Cover Zoe Zora (Photography: Grace Ho)

Meet Zoe Zora, one of six Asia-based models who shared with Tatler how they’re breaking boundaries and refusing to be limited by gender, race, sexuality, size, age, religion or ability

“It’s 2022: you’re finally seeing people of colour being represented, but you do not see that representation for people with disabilities—even though we are the largest minority group,” says Fathima Zohra. Known professionally as Zoe Zora, the Singaporean is a model, advocate, content creator and full-time programme manager for an inclusive sports club called Runninghour.

Beauty has come to have a different meaning for Zora since a car accident put her in a wheelchair five years ago: in her own words, she had to experience the difficulties and challenges first-hand to understand the importance of representation. It has taken time and work for the fitness enthusiast to accept her body again, but the struggle has led to her modelling career, and her appearance in an initiative for The Body Shop that celebrates and encourages self-love. Zora hopes to empower her community and inspire the industry to celebrate every “minority”. She says: “I want to use my story in a bid to fight for better representation for bodies like mine so no one has to feel the way I did when I became disabled.”

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I try to redefine beauty by boldly and unapologetically putting my disabled body out there and celebrating it in a world that makes me feel like I am not beautiful
Zoe Zora

What made you decide to become a model?

I didn’t see models who looked like me fronting brand campaigns and that was heart-breaking, because I always dreamed of being up on a billboard. [Add to that] a disabled body in a wheelchair, [and there was a complete] lack of representation for bodies like mine. That made me feel like I would never belong. It took a lot to put myself out there—put all my insecurities out there—but I wanted to use my story in a bid to fight for better representation for bodies like mine so no one had to feel the way I did when I became disabled.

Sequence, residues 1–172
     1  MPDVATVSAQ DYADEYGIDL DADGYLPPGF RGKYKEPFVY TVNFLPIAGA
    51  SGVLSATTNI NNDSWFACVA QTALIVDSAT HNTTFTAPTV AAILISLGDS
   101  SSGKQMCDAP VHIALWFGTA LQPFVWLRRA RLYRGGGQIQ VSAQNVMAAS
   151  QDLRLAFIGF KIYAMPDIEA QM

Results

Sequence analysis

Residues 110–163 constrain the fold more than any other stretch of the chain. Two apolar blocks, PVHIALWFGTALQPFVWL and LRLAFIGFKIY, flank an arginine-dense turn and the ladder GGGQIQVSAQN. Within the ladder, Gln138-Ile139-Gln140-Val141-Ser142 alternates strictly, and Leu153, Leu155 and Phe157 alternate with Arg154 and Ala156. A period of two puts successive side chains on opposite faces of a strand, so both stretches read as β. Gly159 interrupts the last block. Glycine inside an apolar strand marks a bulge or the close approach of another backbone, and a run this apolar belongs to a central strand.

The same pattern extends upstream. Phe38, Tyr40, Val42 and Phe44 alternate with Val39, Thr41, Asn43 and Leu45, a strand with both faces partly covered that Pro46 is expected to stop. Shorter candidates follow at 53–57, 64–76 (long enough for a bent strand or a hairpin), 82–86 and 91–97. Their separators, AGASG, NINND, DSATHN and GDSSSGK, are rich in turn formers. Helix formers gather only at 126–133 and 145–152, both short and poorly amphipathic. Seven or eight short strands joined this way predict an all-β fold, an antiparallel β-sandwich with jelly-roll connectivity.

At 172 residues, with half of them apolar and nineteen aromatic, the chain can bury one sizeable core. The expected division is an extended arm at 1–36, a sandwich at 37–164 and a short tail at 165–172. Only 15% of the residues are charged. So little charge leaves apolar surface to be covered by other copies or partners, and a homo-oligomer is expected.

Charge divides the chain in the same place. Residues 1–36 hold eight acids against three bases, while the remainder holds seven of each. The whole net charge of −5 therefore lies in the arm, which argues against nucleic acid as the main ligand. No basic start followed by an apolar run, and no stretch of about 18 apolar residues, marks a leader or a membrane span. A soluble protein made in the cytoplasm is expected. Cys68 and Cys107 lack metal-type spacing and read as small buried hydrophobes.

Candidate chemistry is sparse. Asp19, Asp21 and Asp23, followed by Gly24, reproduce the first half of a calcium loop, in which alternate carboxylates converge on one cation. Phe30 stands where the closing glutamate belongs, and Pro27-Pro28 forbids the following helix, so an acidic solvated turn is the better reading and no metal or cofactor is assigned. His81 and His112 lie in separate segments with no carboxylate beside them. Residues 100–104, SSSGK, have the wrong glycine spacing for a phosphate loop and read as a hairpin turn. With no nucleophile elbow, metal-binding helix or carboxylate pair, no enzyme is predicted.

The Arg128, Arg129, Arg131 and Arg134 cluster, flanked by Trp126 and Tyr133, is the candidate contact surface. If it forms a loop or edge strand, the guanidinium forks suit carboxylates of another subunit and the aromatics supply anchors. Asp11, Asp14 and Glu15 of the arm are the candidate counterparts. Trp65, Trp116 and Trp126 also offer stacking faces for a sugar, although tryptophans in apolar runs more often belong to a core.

My hope is for a little disabled person to see an ad campaign or a billboard and see someone like themselves and believe that they can be up there too—that they can be disabled and beautiful. 

What does “beauty” mean to you? 

Beauty to me is very different to what it was five years ago. Beauty to me is celebrating our uniqueness, [which] can be interpreted in so [many] ways. When we hear the word “beauty”, we immediately think of the physical aspects but I think [it] comes from within. Real beauty is acceptance of yourself, your individuality, perceived flaws and all, and realising that they are a part of what makes you, you. Today as a disabled woman I try to redefine beauty to society by boldly and unapologetically putting my disabled body out there and celebrating it in a world that makes me feel like I am not beautiful. 

Is there anything people tend to overlook when talking about diversity and inclusivity?

I think people overlook the literal point of diversity and inclusivity. They are such popular terms now, but seen more as a commercial opportunity or trend. Disabled people need to be a part of of the behind-the-scenes, a part of conversations when diversity and inclusivity are being defined. Because how are we truly going to talk about diversity and inclusivity when you’re leaving the biggest minority group behind?

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